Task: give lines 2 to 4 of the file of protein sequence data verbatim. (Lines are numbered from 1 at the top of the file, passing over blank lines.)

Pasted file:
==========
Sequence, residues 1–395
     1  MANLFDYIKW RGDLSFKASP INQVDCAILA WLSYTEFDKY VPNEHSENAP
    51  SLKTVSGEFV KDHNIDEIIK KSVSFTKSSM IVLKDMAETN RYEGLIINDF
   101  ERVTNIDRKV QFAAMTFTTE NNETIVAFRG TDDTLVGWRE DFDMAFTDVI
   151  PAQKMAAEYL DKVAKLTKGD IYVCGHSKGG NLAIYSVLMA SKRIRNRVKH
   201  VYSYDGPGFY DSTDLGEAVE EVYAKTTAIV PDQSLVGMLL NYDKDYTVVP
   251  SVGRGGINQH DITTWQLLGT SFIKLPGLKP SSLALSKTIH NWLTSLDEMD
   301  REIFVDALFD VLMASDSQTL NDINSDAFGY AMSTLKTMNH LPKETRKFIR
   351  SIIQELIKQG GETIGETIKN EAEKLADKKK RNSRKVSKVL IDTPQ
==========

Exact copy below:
     1  MANLFDYIKW RGDLSFKASP INQVDCAILA WLSYTEFDKY VPNEHSENAP
    51  SLKTVSGEFV KDHNIDEIIK KSVSFTKSSM IVLKDMAETN RYEGLIINDF
   101  ERVTNIDRKV QFAAMTFTTE NNETIVAFRG TDDTLVGWRE DFDMAFTDVI